"...there grew in them [the disciples] a strange sense of the Master’s [teacher’s, deliverer’s] rightful authority over their lives. He taught them, said Matthew, as one having sovereignty. Make no mistake about this. His authority did not mean regimentation…. His authority, as with all spiritual excellence, issued not in regimentation but in stimulation. Under this sway qualities and powers began coming out in them unguessed before, qualities and powers original, individual, creative, each man becoming more truly himself, the more he became Christ’s.”
Jesus could have sovereignty over them because he had sovereignty over himself. He was not colonized in mind and spirit as they were, but instead free. The God who liberates from imperial and self-colonization was in him and among them through him. Again, that’s where God was.
Jesus was not all-powerful, omniscient, or omnipresent. He was a product of his culture. He probably believed that the earth was flat. However, wherever he was present, God was present. Isn’t that divinity?
His birth heralded this new understanding of the conducting of God’s intention and will among the people who would be part of Jesus’s journey.
Is there anything that hints at this understanding in modern times?
Dr. Robert McAfee Brown explained Rabbi Abraham Heschel’s understanding of divine pathos, the pain of God when seeing the suffering of the world:
God needs us: the fulfillment of the divine intention for the
world cannot be accomplished apart from the work of God’s
children…. God has placed us here in the midst of an unfin-
ished creation, and has given us the task of helping to bring
it to fulfillment. That is why we were created. That is the pur-
pose of our lives. That is the content of our prayer. That is
why our deeds and our prayers can never be separated. That
is why intention and deed are both necessary. That is why
there must be both kavanah, the right intention, and mitz-
vah, the actual deed…. For just as the contemplation
about God leads to the doing of deeds so the doing of
deeds is one of the “starting points of contemplation about
Rabbi Arthur Waskow, who is one of the leaders of the Jewish Renewal Movement and a member of the National Council of Elders, was asked: What do you think of the world today?
I think we’re at the cusp of disaster or transformation, and I don’t know which we’re going to choose. Over and over again, it feels to me like the only model I really know is the Israelite runaway slaves at the edge of the Red Sea with Pharaoh’s army behind them. They don’t know it’s going to split. In fact, they don’t believe it’s going to. Why would it split? No sea ever split. They’re poised between surrendering to Pharaoh’s army, going back and be slaves again and getting garlic and onions (which they’re really hungry for) and going into the unknown. And the unknown’s crazy. Why would you go into the unknown?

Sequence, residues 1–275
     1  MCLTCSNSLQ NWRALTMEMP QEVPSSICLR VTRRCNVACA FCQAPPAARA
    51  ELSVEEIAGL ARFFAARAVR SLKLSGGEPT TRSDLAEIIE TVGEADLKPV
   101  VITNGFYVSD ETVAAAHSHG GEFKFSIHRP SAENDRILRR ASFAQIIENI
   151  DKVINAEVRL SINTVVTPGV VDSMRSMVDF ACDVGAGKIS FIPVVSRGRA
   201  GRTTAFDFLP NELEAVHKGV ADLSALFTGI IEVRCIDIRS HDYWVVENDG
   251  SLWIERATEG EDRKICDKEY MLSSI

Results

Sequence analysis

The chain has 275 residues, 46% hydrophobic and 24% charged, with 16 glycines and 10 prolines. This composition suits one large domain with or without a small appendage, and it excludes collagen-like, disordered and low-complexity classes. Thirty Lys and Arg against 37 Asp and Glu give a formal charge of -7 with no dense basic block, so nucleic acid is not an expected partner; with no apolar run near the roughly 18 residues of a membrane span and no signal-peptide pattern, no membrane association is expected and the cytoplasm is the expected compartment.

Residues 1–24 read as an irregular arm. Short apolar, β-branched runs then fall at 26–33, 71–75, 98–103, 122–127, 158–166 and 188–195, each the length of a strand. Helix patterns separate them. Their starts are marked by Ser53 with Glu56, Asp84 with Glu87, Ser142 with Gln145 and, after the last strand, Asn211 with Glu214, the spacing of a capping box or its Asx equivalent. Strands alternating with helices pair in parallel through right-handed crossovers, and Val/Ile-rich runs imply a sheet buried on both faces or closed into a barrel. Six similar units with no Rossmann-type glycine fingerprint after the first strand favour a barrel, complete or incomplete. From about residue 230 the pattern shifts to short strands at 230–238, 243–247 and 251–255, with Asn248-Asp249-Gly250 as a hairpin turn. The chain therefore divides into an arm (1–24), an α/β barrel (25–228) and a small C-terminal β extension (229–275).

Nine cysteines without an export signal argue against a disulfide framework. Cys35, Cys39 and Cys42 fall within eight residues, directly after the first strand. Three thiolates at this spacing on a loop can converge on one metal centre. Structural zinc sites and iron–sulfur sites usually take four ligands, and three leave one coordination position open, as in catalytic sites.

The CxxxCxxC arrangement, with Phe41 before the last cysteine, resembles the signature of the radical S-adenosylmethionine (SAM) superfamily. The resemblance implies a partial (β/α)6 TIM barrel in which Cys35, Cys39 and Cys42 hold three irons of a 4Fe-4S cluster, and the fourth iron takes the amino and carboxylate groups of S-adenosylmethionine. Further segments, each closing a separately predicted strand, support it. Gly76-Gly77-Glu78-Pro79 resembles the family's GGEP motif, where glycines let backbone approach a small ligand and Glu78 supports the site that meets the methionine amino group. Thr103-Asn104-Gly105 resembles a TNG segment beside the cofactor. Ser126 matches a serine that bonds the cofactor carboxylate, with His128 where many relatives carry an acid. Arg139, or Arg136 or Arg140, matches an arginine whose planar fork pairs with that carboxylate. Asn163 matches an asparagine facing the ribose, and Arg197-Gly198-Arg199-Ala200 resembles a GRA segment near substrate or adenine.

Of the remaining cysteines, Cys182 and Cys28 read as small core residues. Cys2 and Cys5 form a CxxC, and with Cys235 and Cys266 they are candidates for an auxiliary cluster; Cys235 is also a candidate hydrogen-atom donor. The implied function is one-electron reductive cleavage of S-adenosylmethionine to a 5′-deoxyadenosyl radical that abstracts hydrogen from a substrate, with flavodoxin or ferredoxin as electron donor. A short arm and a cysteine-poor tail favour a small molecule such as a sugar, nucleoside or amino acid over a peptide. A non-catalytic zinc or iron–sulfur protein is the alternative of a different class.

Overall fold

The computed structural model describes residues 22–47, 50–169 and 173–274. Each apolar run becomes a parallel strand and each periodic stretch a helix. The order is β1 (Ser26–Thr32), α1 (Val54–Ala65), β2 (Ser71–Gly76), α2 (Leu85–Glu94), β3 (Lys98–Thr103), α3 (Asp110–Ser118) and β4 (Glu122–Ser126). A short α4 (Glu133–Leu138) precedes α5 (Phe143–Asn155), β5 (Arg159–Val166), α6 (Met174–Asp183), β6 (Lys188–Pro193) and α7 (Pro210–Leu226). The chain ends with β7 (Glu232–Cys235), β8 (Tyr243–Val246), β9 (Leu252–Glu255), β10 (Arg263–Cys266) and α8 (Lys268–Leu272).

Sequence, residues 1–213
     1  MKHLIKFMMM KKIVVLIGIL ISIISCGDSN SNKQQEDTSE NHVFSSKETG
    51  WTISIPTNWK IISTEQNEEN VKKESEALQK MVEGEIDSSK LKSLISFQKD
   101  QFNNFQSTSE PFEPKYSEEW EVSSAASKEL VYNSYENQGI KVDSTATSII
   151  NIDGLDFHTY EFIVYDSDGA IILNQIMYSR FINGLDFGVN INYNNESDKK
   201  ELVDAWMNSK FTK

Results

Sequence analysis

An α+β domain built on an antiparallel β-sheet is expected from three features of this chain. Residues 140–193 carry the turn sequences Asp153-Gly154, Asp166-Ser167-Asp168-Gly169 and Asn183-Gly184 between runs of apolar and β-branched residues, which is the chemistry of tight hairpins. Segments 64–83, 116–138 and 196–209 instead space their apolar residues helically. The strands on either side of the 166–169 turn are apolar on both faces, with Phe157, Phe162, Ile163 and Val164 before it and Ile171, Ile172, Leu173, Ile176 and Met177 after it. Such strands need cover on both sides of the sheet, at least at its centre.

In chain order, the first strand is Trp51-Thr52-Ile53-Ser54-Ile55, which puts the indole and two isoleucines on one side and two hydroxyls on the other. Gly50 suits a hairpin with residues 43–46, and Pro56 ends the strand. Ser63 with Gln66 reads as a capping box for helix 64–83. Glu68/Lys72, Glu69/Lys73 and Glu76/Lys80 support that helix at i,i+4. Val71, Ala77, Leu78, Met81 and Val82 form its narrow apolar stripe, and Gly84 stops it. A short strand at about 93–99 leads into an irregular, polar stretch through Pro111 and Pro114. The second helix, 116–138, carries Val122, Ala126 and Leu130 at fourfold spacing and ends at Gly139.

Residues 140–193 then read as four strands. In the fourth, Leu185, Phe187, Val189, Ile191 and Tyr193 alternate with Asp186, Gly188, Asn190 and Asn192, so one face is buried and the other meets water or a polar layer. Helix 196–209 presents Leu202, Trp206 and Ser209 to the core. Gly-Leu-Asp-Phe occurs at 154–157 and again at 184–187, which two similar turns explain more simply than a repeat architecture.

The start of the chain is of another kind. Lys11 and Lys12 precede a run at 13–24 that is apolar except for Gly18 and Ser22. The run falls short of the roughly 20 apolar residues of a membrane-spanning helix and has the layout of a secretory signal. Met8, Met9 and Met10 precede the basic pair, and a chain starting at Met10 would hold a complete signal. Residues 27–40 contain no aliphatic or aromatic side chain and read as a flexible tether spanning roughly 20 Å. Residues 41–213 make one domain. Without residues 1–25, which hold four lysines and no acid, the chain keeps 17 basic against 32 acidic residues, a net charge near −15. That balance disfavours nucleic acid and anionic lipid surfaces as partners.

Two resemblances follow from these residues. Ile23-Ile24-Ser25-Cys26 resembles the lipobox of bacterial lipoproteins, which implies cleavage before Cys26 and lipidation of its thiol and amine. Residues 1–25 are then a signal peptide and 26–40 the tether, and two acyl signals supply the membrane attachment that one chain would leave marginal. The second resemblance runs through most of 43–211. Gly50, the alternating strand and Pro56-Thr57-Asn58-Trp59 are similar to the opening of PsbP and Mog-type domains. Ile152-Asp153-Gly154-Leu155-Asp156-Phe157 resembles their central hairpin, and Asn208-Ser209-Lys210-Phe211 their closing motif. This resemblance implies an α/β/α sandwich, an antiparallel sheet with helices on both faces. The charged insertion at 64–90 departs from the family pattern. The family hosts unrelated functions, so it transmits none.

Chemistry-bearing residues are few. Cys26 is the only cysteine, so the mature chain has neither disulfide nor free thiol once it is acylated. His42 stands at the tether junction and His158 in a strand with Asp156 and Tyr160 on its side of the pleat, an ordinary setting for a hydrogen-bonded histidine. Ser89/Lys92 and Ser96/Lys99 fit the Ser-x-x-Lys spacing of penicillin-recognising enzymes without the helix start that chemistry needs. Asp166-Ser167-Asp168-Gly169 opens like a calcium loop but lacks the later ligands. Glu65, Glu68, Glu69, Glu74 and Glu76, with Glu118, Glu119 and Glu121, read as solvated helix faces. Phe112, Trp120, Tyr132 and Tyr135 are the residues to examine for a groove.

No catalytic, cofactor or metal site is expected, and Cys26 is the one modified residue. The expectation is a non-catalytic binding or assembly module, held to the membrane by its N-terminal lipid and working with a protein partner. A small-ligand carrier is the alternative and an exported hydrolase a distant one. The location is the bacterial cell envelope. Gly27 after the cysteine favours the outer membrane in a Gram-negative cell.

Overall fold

According to tradition, there’s one guy who decides to take a chance, and he’s up to his nose in the water and on the edge of drowning when the water splits. And the tradition says there were still people who didn’t want to go. I think the whole human race is right there.
The New Year presents the time and opportunities to embrace the unknown, to split the Red Sea again. It has been done before. It can happen again.
This is not the emphasis of contemporary New Year’s celebration with their parades, confetti, throwing old calendars out the window, watching the ball fall, and party after party.
In a stunning essay by Michael Meade forwarded to me by Randy Thomas, I have been informed that New Year’s celebrations were not always so disappointingly fruitless. The author is sensitive to the events of the ending year, 2022. It has been one to remember politically, atmospherically, and morally. It was a year that some are glad to see end, hoping that the new one will be better. Yet we do not ritualize past mishaps and missed opportunities so that we can move forward with renewed awareness of potential for ourselves and the domains we inhabit.
Different from our habit of making resolutions and then breaking them with no consequences, ancient celebrations acknowledged loss and the diminishing of the world because the divine was obfuscated rather than revealed. The divine was absent rather than present.